A state judge last week dismissed a closely watched lawsuit in which faculty members at the City University of New York had sought to halt a new and controversial general-education curriculum.
The decision, by Judge Anil C. Singh of the New York State Supreme Court, dealt a blow to CUNY professors’ control over academic policy and solidified the claim of administrators and trustees to supervise such matters.
In his ruling, which was issued on Friday, Judge Singh rejected a suit filed in 2012 by CUNY’s Faculty Senate and the faculty union, which is called the Professional Staff Congress.
The original complaint alleged that trustees had violated the university’s bylaws and exceeded their authority when they developed education policy—specifically, by adopting the general-education program, called Pathways, in 2011 and by ignoring the faculty senates of CUNY’s constituent colleges.
The plaintiffs’ central argument was “devoid of merit,” Judge Singh wrote, because the bylaws don’t confer power over curricular change solely to the faculty and Faculty Senate. “The board,” he wrote, “has the power to initiate academic policy.”
The ruling, said Robert M. O’Neil, a constitutional scholar, seems to declare the curricular role of the board and chancellor to be “pre-emptive”—in other words, to effectively trump the power of the faculty.
But faculty members outside the Empire State shouldn’t get too worked up, added Mr. O’Neil, who has served as president of the Universities of Wisconsin and of Virginia, and as general counsel of the American Association of University Professors.
The CUNY ruling, he said, is a creature of the peculiarities of New York state law, which gives state courts unusual latitude over education policy, including both public and private institutions.
Courts in other states, he said, would not “give primacy to the governing board.”
Other observers weren’t quite so sure. Even though the decision is particular to New York, it muddies the generally accepted understanding of shared governance, as set forth in the AAUP’s joint statement on the subject, said Peter F. Lake, a professor of law and the director of the Center for Excellence in Higher Education Law and Policy at Stetson University.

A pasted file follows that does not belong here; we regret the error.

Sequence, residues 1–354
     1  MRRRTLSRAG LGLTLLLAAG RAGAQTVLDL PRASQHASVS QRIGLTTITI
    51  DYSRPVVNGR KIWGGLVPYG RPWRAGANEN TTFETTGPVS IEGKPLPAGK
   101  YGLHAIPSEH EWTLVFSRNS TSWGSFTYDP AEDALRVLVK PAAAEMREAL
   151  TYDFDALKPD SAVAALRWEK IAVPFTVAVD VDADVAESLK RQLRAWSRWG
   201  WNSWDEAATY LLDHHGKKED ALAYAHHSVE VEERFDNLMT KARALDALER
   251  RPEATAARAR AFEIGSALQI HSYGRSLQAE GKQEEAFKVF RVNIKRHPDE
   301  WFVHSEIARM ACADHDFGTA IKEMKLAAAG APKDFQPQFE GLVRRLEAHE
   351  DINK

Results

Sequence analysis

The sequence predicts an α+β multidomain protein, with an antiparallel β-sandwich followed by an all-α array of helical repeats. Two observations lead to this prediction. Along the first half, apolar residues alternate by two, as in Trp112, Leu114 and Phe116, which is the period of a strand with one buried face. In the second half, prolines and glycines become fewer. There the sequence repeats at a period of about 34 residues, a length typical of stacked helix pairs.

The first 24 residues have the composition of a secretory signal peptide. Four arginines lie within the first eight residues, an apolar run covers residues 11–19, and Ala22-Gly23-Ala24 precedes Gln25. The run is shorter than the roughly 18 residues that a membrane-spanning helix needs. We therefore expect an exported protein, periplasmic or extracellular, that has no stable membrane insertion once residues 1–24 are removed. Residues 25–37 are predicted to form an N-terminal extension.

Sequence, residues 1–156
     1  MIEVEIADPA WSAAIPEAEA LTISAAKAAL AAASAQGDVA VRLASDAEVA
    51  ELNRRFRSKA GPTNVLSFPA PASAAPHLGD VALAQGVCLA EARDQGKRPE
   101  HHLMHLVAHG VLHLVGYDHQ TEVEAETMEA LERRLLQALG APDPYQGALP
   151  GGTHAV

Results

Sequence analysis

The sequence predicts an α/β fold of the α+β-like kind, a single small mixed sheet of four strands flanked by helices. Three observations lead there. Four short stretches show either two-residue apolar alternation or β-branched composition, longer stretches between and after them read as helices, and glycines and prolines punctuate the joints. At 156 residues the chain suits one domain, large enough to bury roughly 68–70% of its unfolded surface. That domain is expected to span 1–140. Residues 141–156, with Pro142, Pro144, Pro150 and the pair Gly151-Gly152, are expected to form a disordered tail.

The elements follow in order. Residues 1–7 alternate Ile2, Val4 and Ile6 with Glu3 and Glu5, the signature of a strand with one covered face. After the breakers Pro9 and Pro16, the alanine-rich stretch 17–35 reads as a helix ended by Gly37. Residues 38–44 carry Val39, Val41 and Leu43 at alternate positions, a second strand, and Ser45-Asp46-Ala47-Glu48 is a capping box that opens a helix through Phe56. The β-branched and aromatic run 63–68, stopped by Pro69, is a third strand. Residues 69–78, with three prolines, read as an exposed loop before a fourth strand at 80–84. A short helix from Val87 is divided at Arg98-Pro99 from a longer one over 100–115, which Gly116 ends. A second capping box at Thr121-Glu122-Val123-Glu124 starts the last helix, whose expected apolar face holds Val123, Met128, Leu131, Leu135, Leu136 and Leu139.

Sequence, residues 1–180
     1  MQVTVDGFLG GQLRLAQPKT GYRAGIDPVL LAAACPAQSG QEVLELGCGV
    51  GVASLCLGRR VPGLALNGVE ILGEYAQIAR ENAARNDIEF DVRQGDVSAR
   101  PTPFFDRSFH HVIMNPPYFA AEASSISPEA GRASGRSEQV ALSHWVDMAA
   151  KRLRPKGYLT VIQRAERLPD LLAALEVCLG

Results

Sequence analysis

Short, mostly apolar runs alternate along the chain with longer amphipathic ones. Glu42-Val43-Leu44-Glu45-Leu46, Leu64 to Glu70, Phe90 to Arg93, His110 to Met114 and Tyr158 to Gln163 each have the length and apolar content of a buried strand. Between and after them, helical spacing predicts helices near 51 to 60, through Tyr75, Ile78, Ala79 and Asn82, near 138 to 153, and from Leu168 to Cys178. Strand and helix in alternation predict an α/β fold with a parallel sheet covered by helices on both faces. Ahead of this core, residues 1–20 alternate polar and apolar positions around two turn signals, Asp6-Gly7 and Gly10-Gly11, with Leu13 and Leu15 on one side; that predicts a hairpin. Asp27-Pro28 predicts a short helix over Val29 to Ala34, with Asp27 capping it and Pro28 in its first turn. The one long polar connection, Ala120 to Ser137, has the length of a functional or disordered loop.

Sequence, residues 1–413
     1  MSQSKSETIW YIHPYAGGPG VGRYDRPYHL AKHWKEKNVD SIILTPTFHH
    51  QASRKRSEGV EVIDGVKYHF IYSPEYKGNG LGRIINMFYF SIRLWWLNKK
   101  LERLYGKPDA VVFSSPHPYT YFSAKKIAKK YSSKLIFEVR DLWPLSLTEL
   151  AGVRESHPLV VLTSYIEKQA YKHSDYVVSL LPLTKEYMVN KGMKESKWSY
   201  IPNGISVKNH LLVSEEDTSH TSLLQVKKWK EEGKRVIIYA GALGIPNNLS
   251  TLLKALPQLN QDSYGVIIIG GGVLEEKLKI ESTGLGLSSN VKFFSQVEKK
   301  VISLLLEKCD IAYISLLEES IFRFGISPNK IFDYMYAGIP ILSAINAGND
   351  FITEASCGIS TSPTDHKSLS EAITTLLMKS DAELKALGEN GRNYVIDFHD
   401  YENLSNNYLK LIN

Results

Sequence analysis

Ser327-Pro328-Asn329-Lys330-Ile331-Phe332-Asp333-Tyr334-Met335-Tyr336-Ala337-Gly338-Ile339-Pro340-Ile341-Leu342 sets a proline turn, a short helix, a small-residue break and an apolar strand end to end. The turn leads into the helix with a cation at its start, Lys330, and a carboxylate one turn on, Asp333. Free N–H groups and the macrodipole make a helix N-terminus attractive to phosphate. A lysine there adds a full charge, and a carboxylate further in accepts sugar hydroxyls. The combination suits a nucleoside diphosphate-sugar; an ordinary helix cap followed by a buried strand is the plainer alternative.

“To have a board or administration arrogate curricular power to itself,” he said, “raises concerns under the shared-governance model.”
‘Trying to Right the Wrong’
Pathways took effect in the fall, and about 50,000 students have enrolled in courses that meet the new standards, CUNY estimates.
Under the new curricular framework, the number of required general-education credits has been reduced to between 36 and 42, depending on the campus. The previous requirements ranged from 39 to 63.
Administrators have argued that the changes are necessary to improve students’ ability to transfer credits within the system. Other curricular experts have lauded Pathways’ emphasis on learning outcomes instead of hewing to traditional disciplinary categories.
Faculty members at CUNY have strongly opposed the changes; 92 percent of them voted no confidence in the curriculum last year. And many have argued that Pathways consigns CUNY’s mostly low-income and minority students to a less-rigorous education.
Barbara Bowen, lead plaintiff in the now-dismissed case, the union’s president, and a professor of English at Queens College, said in a written statement that she was “disappointed” in the ruling but declined to discuss it further, citing a desire not to complicate a potential appeal. In New York the Supreme Court is a trial-level court. Appeals are heard by appellate courts.
Ms. Bowen also cited what she characterized as other recent successes in the faculty fight against the curriculum. In December an arbitrator denied CUNY’s effort to dismiss a labor grievance related to Pathways, writing that “the bylaws expressly provide that curriculum development is among the duties of faculty.”
A memorandum filed this month by William P. Kelly, the system’s interim chancellor, lifted limits on the number of hours assigned to core courses, and he also staked out a role for faculty-elected representatives on the curriculum’s review committee. Both changes had been sought by the faculty.
“We haven’t relied on the courts for this battle,” Ms. Bowen said in an interview. “We’re trying to right the wrong of the curriculum and get the full academic experience back for our students.”